The Joy of Being Hacked

Published on June 12, 2007

Nearly a week ago, a malicious person or group of persons hacked into DreamHost, the company I use as a web host. The passwords for over 3,500 FTP accounts were compromised, and some customers found unauthorized changes to files or directories. My account was among those that got hacked, and the experience has made me a better computer user.

Having a password stolen is frightening enough, but my situation was nearly a worst case scenario. When I originally set up my user account with DreamHost, I naturally provided the password to be used with that account. This user account granted me access to the DreamHost web panel, FTP uploads, and access to the web server’s shell (via either telnet or ssh). When I later set up an email account, I chose to use this same account out of sheer convenience. I made a likewise decision for access to my web server logs. So, in short, one username and password provided me access to five areas:

  1. The DreamHost Web Panel
  2. My web storage (via FTP)
  3. My web server home directory (via telnet or ssh)
  4. My primary email address
  5. My server logs

Do you see the problem here?

As soon as I got the email that my FTP password had been compromised, I realized how slack I had been about security and panicked. Thankfully, none of my files or databases were corrupted (though I’m still taking a look through everything). I have since changed all of my passwords, and they now all differ from one another, something I should have done from day one.

I try to be as security conscious as possible, but I really dropped the ball in this area, mostly for convenience’s sake. This is the first time I have been ‘hacked’ like this, and I’m actually glad it happened. The experience has motivated me to be more secure in my password handling.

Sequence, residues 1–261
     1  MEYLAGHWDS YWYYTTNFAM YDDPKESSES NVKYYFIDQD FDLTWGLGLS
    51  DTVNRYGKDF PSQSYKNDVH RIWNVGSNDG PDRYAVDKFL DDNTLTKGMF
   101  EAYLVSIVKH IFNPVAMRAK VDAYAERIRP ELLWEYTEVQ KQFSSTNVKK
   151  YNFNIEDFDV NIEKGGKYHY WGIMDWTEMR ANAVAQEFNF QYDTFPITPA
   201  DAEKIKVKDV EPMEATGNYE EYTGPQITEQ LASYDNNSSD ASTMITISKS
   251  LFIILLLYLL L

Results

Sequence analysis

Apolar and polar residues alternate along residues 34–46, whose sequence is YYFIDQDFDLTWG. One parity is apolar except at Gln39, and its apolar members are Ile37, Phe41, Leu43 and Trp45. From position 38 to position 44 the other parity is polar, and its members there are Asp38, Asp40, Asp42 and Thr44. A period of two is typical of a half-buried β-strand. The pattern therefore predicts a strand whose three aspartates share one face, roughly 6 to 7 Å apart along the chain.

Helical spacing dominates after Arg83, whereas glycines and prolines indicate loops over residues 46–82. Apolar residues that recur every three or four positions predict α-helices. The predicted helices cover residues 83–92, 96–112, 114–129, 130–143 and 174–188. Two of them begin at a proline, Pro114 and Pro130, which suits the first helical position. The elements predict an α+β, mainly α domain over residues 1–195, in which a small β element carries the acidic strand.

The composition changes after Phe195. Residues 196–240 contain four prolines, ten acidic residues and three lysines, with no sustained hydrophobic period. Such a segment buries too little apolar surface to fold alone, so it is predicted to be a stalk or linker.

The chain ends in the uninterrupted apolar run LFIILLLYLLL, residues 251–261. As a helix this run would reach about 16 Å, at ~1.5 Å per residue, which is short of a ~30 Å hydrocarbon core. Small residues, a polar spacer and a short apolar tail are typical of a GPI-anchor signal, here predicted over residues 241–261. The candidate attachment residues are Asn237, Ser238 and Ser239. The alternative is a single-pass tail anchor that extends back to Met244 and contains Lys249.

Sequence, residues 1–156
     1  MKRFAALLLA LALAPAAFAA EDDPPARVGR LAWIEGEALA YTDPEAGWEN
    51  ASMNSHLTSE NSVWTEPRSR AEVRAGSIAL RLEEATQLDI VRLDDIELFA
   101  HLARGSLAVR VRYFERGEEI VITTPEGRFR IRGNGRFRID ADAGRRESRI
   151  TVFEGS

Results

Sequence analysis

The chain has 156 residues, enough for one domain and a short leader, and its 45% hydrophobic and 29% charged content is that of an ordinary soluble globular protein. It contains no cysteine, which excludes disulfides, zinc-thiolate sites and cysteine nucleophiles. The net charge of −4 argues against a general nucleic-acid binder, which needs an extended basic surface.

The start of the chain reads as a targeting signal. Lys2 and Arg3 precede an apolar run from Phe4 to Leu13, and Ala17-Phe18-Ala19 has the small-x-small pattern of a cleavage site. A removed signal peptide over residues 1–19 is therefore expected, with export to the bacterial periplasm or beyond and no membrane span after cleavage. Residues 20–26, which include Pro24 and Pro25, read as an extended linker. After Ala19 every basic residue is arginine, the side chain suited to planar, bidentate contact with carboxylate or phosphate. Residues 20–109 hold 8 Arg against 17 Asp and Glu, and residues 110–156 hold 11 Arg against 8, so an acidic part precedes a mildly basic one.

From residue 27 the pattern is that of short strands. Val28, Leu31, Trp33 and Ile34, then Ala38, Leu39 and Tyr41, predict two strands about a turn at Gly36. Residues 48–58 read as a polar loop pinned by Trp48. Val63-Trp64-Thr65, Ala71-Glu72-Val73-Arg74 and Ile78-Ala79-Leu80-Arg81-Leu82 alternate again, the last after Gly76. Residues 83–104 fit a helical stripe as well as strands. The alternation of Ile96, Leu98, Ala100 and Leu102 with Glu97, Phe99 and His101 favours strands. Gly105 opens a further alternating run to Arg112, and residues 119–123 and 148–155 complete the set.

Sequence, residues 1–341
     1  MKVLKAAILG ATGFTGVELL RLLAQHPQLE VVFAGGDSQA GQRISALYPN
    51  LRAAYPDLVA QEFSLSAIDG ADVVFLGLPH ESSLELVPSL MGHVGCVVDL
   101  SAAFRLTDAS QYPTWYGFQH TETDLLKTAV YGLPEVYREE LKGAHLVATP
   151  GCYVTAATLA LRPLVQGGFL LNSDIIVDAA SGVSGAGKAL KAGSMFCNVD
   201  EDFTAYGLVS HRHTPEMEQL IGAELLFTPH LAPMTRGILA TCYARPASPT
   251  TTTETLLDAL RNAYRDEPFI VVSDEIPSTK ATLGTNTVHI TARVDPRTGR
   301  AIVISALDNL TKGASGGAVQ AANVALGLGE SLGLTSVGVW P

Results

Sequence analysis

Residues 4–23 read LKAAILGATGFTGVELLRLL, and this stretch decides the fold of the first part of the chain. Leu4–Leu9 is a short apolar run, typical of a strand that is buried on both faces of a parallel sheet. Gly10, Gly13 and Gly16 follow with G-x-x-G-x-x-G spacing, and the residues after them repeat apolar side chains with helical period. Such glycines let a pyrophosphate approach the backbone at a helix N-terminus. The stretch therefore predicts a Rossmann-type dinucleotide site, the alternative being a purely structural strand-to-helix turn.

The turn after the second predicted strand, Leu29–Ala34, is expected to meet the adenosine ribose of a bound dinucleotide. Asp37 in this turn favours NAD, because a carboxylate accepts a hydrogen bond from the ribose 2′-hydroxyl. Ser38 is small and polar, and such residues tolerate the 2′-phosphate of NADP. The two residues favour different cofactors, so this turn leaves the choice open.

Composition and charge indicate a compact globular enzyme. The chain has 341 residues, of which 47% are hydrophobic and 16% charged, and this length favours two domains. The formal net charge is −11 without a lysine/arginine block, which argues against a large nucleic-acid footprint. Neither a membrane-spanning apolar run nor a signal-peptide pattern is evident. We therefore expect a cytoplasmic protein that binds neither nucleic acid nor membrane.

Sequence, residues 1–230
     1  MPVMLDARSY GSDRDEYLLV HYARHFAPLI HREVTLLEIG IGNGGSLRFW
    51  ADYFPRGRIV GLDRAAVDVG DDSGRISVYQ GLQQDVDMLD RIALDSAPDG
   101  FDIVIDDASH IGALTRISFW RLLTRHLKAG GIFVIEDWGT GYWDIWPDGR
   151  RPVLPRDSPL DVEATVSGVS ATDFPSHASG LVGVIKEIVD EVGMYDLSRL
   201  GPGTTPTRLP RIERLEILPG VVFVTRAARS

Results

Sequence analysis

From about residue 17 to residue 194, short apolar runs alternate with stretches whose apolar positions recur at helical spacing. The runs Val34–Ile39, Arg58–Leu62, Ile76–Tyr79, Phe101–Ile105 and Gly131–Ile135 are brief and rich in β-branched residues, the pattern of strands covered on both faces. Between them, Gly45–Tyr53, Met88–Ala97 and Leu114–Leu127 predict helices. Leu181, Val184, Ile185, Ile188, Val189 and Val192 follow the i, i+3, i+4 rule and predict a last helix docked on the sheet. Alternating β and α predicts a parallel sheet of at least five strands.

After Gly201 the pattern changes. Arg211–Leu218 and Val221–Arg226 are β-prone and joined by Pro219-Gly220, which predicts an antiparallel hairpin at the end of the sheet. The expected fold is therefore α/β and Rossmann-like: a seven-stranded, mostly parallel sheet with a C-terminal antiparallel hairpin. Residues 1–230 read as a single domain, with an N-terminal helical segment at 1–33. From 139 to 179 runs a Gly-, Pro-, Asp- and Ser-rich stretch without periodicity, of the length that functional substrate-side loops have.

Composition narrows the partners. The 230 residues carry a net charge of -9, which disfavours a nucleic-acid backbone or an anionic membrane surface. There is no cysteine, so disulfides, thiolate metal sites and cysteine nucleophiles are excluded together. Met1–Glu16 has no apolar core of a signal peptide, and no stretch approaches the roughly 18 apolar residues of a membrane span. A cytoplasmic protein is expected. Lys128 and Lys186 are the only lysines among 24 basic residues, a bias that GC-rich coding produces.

Lots of people are jumping ship as a result of this, but doing so seems premature to me. The folks at DreamHost are being open and honest about the problem, and I really appreciate that. Any company that steps up and says “we made a mistake and we’re trying to prevent it from happening again” is worth sticking with. At the very least, I’ve learned a much needed lesson.

Update: I forgot to mention that other web hosts were also hit by this attack (according to this post), so it wasn’t solely a DreamHost issue.

9 Comments

enc

I thought that you’re a better geek than using one username and password for few accounts at once. I’m really disappointed with you. Paranoia takes priority against any conveniences!

They aren’t technically multiple accounts; it was multiple “services” used by one account. Was I stupid? Yes. I don’t deny that.

In my defense (as weak as it may be), DreamHost automatically used the default user account for access to the Web Panel and my site’s web logs. You had to go out of your way to change the password on those services, and I was apparently too lazy to do it. These are also the only cases where I was using the same password for a service. All my other passwords (WordPress, AWStats, database passwords, etc) have always been different. The aforementioned instances were the cases that I screwed up.